• $\begingroup$ The OP specifically says the following: >Instead of using D, we may as well construct a new dictionary, say Do with an improved resolution. Namely he doesn't want a sub section of the DFT Dictionary but a dictionary with improved resolution. The dictionary yielded by the DFT Matrix + $ {L}_{1} $ regularization indeed yields better resolution. $\endgroup$
    – Royi
    Commented Jul 6, 2018 at 14:51
  • $\begingroup$ The OP states that the subset of the DFT is not orthogonal. I'm sure you know the difference between a square and rectangular matrix. The zoom DFT is orthogonal and full rank.. The OP wants "improved" resolution but was unsure what that meant. If you really want to advance the knowledge of the universe, cite some references. I would find that interesting and helpful but so far, just smoke, no fire, and a selective interpretation of what was asked. $\endgroup$
    – user28715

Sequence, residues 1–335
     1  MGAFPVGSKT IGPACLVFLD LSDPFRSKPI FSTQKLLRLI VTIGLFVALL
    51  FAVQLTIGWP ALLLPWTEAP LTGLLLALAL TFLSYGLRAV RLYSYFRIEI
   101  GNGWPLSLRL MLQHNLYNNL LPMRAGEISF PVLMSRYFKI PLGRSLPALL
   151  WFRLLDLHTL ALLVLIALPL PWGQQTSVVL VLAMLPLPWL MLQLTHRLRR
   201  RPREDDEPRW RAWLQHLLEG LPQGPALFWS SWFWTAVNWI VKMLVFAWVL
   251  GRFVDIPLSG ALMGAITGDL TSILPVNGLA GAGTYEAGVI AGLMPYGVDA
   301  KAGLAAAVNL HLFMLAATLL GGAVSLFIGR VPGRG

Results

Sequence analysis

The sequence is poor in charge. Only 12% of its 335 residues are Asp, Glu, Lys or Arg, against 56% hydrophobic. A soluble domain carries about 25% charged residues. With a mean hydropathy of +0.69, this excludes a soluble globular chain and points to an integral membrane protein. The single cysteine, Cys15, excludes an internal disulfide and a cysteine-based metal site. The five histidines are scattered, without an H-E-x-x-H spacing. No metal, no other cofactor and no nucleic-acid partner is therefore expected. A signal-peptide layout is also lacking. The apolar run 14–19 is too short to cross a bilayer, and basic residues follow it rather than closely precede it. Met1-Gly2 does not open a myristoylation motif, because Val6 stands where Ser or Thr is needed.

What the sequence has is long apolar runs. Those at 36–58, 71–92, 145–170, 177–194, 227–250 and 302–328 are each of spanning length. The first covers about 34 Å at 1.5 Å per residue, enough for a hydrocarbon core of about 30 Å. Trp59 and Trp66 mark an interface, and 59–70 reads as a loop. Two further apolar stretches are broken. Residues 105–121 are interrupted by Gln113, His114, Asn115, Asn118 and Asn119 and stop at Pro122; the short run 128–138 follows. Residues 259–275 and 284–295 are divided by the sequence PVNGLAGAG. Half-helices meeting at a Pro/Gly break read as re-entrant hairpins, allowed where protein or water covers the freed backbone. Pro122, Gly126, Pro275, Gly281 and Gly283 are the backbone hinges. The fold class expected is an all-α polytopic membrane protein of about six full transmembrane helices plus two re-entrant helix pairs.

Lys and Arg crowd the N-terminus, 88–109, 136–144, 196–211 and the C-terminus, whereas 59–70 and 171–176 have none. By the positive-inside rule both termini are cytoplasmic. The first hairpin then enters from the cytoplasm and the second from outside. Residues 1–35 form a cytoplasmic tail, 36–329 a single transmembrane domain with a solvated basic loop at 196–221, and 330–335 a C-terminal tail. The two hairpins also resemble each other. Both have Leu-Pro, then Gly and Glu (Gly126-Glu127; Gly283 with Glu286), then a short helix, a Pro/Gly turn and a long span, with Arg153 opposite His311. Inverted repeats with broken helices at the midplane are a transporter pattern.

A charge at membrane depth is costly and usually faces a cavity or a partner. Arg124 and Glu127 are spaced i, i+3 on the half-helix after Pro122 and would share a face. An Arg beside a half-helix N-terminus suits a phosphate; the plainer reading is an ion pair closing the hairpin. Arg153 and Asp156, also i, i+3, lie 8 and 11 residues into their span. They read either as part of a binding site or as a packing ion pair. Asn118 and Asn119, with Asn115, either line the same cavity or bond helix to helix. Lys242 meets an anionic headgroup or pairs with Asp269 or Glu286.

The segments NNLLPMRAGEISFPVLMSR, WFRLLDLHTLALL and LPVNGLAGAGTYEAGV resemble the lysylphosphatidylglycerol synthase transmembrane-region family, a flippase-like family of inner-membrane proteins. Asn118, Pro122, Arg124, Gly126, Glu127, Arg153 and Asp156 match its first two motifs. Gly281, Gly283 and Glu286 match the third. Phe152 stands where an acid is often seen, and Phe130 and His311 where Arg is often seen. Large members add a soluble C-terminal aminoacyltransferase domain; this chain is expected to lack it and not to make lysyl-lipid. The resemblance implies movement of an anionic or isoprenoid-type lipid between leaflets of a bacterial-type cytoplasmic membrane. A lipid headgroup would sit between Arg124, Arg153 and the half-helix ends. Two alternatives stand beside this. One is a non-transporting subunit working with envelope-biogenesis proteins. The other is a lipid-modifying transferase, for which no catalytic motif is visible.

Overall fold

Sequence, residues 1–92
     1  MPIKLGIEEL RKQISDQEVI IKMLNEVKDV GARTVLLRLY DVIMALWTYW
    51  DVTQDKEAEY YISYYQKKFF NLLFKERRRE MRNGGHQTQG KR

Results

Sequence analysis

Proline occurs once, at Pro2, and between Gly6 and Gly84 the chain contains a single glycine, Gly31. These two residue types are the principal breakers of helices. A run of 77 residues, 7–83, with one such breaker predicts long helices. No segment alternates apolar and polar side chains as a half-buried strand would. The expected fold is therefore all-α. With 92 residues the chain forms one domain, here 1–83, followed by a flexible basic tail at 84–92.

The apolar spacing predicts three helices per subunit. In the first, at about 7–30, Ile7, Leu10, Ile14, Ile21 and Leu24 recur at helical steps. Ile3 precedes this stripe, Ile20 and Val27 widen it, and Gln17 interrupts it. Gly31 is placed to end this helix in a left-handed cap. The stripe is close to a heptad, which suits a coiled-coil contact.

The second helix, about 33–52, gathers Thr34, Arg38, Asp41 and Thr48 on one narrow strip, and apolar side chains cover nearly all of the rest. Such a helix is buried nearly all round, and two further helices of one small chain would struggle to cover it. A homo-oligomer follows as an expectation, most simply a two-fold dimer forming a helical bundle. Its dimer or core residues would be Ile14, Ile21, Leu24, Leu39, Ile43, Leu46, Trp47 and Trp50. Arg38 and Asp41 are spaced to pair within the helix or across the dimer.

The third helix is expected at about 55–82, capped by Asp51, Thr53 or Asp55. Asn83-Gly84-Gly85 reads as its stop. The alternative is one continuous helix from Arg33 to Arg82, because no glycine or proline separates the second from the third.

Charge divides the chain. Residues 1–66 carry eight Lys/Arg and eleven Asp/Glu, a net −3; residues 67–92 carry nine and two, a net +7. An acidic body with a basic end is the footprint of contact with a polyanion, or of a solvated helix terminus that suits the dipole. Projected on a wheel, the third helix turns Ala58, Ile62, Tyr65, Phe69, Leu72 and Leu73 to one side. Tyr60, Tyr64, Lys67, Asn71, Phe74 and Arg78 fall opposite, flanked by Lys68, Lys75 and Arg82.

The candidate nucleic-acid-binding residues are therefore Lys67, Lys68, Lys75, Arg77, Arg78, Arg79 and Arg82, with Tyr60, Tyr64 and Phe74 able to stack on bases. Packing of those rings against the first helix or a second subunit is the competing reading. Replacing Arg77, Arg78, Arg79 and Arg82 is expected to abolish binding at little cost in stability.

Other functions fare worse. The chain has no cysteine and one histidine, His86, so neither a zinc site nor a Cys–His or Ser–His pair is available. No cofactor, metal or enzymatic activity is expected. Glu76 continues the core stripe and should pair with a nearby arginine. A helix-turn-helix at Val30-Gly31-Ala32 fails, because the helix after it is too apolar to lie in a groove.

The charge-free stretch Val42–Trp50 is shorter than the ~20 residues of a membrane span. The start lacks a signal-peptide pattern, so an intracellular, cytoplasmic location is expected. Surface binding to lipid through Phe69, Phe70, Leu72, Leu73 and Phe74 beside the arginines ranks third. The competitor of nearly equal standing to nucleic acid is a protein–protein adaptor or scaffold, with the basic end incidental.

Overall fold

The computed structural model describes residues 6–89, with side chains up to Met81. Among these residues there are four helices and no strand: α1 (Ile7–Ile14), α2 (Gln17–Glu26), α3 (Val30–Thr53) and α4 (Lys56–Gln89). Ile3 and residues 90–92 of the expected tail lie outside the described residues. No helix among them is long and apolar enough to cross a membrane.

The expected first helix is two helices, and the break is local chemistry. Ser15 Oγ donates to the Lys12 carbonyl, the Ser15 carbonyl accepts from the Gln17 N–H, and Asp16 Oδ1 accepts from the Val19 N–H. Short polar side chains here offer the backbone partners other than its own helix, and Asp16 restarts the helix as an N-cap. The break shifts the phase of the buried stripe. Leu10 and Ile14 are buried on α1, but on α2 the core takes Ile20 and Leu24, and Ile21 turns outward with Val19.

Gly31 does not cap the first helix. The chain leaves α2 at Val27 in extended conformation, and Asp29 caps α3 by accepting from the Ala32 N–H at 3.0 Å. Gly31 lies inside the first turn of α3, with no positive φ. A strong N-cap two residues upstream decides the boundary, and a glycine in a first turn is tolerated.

Commented Jul 6, 2018 at 15:52

Hoyer, E., and R. Stork. "The zoom FFT using complex modulation." Acoustics, Speech, and Signal Processing, IEEE International Conference on ICASSP'77.. Vol. 2. IEEE, 1977.

Abstract: A recent paper by Yip discussed the zoom transform as derived from the defining equation of the FFT. This paper simplifies the concepts and removes some of the restrictions assumed by Yip; ie., the total number of points need not be a power of 2. The technique is based on first specifying the desired center frequency, bandwidth, and frequency resolution. The signal is then sampled, modulated, and lowpass filtered. This result is purposely aliased, then transformed using an FFT algorithm. The result is an M-point frequency spectra of the desired bandwidth centered about the center frequency with a higher degree of resolution than could be directly obtained using an M-point transform.